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Net Neutrality Rally Rocks the FCC

Sandra Fulton,
ACLU Washington Legislative Office
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May 23, 2014

Last week I spoke at a rally at the Federal Communications Commission as its commissioners considered new rules regarding net neutrality – the premise that internet providers shouldn’t get to decide what you can see or say online.

And the turnout was impressive.

Activists don’t generally flood the streets for telecom issues; they tend to be left to telecom lawyers in suits who debate technical terms without much public interest or scrutiny. But this time was different. A diverse coalition gathered to tell the commission unequivocally: the battle for net neutrality is one of the most important free speech fights of the 21st century, and we can’t afford to lose.

The President and CEO of Free Press Craig Aaron kicked off the rally, warning against the FCC creating “fast lanes for the 1 percent, while leaving the 99 percent stranded on the slow road.” The Consumers Union stressed the importance of Americans’ access to services online. The Center for Media Justice and the Council on American-Islamic Relations underscored the importance of net neutrality for minority voices online. And Cheryl Leanza from the United Church of Christ spoke to the importance of open internet rules for people of faith. She explained that a “pay-to-play” regime online means minimizing the voice of minority religious and cultural populations.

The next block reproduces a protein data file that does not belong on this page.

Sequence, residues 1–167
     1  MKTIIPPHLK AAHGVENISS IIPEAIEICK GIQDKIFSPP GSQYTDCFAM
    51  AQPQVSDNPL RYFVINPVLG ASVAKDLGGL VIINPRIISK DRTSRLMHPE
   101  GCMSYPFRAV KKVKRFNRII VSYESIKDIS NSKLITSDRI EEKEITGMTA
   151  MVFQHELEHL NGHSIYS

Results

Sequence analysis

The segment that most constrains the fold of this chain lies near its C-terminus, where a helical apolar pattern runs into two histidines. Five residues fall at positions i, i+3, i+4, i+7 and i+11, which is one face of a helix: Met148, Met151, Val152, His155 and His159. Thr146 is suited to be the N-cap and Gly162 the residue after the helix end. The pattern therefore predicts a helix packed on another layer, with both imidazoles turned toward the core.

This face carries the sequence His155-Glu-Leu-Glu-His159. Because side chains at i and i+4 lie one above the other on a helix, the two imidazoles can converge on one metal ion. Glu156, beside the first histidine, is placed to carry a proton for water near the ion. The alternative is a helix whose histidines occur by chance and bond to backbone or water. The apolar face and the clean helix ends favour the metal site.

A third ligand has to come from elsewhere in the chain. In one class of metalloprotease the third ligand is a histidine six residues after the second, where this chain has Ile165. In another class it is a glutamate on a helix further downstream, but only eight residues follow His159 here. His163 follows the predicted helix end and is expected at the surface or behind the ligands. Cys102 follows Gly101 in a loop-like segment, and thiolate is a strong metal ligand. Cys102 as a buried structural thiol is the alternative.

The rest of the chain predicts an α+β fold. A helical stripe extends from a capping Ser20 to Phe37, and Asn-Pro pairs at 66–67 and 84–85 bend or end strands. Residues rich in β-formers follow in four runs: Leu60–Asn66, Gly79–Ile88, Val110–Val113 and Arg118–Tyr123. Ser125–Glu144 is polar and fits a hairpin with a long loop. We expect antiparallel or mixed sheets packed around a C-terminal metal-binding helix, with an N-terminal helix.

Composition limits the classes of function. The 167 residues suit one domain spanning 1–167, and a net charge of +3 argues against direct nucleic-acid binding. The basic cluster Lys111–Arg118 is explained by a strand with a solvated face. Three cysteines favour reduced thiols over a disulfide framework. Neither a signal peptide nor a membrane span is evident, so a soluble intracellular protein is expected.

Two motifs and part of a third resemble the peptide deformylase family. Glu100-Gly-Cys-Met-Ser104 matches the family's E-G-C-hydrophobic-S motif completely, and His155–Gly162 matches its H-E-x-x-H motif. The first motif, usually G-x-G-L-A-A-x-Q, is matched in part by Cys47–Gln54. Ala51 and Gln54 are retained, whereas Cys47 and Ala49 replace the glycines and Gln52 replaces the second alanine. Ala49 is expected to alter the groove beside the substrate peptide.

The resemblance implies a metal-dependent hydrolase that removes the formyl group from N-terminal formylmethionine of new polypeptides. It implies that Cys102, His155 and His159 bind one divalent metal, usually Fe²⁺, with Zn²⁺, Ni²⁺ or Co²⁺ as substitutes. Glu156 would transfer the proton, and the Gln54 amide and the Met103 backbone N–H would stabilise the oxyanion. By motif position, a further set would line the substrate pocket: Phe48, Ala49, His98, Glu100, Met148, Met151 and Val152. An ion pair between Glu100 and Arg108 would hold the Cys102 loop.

As we feared, the commissioners voted in favor of a Notice of Proposed Rulemaking, which will consider for the first time ever the possibility of an internet where service providers can negotiate agreements with content providers to pay for preferential access to users. As we explained last week, such a policy could have dire consequences for our First Amendment rights online.

The concerns of those rallied outside the FCC were strongly echoed by the two Democratic commissioners inside the chamber. Commissioner Clyburn began her remarks by explaining that, for the first time in her history as a public servant, her mother had called her to express concerns about a policy decision. Commissioner Rosenworcel worried about the rush to hear these rules considering how engrained in our lives the internet has become. She said, “There is nothing in our commercial and civic lives that will be untouched by its influence or unmoved by it power.”

While the rules are grim, there is still time for our voices to be heard. There is a 60-day comment period during which organizations and individuals can tell the FCC to reclassify the internet as a common carrier so they can enforce strong net neutrality rules and protect our rights to free speech and access to information online.

As the Commissioner Clyburn put it at last week’s hearing:

The real call to action begins after the vote today. This is your opportunity to formally make your points on the record. You have the ear of the entire FCC. The eyes of the world are on all of us.

Go here to submit your comments.

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